Que Sera Sera

Email from my mother

“P.S. Can I assume that it’s okay to get rid of the VCR tape Monster Truck Bloopers? Your life seems to have taken a different direction.”

Antonia and Ian and Nick and me

Oscar gets so red and loud when he’s angry.”

“Maybe Oscar is the Antichrist.”

“Oscar can’t be the Antichrist. He smells too good.”

“He doesn’t always smell good.”

“Besides, wouldn’t the Antichrist smell really good? All freshly showered and starched shirts, cologne and minty breath, just to throw you off?”

“Wouldn’t Jesus be the one who smelled amazing?”

“No way. I bet Jesus smelled awful. Like hippies and feet.”

“Why else do you think everyone was always washing his feet?”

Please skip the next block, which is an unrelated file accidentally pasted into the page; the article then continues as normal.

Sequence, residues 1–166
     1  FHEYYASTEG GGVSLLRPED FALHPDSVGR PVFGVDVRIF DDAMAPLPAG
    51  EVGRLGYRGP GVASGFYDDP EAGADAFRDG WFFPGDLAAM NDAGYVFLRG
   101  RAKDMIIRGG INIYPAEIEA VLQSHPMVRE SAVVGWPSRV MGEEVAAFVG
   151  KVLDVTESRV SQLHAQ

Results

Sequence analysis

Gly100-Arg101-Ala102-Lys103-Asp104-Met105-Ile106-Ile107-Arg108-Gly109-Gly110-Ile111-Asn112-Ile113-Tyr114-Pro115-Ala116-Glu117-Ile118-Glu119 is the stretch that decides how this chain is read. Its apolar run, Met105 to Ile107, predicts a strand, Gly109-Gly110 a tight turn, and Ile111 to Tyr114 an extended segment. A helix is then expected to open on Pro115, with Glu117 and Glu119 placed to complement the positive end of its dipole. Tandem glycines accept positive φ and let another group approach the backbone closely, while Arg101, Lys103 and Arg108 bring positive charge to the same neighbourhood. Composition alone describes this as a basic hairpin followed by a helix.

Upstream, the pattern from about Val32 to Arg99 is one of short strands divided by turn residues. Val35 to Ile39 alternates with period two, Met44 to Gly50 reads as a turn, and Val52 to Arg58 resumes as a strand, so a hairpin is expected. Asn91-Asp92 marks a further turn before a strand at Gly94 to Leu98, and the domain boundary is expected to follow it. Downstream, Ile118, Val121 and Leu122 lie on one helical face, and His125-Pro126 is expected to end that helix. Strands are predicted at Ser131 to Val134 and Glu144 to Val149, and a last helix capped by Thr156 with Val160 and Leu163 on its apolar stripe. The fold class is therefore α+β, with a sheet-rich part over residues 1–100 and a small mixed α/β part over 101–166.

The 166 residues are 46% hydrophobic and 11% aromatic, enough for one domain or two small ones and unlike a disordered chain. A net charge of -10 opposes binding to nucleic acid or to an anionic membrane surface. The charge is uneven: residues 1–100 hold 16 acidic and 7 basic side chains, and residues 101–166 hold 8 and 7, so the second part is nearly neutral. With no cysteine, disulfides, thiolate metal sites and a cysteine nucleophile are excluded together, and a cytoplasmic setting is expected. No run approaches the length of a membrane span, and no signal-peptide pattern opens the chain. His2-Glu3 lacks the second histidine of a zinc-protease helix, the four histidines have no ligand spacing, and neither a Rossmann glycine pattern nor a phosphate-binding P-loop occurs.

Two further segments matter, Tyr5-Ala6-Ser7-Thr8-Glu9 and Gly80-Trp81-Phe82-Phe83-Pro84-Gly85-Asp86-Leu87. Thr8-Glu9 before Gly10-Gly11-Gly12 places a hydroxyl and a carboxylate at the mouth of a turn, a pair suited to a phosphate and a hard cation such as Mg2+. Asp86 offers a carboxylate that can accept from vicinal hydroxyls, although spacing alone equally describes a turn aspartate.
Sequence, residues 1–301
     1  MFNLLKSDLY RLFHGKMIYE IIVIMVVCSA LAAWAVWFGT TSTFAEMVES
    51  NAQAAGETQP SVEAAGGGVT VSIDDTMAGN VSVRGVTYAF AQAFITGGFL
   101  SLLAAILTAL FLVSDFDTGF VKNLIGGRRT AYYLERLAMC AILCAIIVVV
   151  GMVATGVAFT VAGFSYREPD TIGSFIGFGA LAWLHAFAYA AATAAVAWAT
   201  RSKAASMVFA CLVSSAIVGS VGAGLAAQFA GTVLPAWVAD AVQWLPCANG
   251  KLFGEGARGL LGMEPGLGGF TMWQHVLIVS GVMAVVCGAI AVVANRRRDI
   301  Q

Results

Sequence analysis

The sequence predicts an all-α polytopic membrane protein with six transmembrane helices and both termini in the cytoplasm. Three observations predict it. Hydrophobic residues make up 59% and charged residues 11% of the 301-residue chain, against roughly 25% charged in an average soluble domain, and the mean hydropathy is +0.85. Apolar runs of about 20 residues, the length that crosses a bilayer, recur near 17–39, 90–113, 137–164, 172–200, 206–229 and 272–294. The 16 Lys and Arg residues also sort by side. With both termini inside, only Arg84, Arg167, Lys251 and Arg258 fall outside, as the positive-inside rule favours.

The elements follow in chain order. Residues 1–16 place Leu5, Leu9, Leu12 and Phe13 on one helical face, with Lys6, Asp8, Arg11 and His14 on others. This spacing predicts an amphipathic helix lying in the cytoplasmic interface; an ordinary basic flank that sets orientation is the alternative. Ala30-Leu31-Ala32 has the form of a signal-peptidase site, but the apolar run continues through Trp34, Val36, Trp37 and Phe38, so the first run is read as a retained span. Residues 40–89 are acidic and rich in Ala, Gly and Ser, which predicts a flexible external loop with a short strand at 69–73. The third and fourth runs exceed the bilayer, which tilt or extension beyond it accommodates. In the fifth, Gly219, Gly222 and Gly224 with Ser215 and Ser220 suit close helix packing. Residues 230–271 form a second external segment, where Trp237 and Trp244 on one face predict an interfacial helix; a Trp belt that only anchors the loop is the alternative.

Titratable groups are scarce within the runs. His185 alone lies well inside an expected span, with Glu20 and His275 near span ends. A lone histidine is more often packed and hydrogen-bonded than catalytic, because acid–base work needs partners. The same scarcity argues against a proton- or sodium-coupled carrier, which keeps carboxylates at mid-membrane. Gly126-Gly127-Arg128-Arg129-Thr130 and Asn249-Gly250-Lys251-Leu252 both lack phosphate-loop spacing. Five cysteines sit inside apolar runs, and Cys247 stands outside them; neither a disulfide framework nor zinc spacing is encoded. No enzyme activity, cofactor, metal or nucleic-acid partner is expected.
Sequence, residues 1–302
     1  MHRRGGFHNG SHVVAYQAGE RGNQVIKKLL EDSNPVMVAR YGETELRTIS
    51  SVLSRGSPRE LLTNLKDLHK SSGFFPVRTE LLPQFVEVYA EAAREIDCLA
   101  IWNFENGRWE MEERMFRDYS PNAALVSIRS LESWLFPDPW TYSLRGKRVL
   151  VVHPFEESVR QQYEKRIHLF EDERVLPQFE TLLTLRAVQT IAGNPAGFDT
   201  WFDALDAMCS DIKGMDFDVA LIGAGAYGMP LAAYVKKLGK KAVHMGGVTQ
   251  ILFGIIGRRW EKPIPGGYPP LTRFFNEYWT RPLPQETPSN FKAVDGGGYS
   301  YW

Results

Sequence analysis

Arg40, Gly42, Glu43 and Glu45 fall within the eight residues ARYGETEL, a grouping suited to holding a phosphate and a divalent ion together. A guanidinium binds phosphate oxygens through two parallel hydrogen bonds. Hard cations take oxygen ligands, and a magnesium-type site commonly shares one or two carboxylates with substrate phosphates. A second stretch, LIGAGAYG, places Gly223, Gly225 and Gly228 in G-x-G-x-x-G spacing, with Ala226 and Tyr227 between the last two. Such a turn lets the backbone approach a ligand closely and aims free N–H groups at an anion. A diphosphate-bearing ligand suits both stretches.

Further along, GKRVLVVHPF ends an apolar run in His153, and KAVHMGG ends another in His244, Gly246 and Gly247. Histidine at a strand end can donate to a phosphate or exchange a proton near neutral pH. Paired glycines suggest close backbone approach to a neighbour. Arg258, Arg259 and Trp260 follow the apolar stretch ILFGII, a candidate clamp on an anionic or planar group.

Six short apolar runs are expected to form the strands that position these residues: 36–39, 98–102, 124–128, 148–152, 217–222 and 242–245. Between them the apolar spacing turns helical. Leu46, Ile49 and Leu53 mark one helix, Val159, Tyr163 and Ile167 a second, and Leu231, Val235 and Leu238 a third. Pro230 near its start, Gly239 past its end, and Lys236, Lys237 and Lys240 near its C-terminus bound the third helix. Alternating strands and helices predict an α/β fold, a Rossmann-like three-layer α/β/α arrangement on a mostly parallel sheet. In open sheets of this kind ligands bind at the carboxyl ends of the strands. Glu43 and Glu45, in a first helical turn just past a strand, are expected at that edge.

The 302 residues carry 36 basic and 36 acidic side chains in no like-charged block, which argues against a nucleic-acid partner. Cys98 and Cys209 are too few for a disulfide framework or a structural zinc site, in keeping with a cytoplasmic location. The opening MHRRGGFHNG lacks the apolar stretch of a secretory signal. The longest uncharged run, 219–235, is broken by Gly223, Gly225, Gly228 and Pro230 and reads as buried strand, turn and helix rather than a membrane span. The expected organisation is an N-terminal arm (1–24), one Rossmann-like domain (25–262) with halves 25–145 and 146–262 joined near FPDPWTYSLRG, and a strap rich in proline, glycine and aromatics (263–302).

“Hoo, the Lord is great and everything, but have you smelled his feet?”

“I know, we had him over the other night and it’s great what he does with the wine but oh my god, his feet.”

“We didn’t want to embarrass him so we acted like we have a big deal about feet washing in this house.”

“We were like, Mary Magdalene, get into it, use your hair, act like it’s a thing. I think he bought it.”

“And has he ever stayed over at your house? The stains on the sheets afterwards! It’s uncanny.”

Bad idea jeans

I am updating my site while I have a fever because I’ve run out of crappy magazines and trashy internet. This seems like not a bad idea, which probably means someone should take my computer away. I already embarrassed myself on a phone call earlier by making up the word “comfirable,” the feeling you get from being comfortably confident. I bet the people on the other end of that line are very eager to hire me to make up all kinds of new words for their company.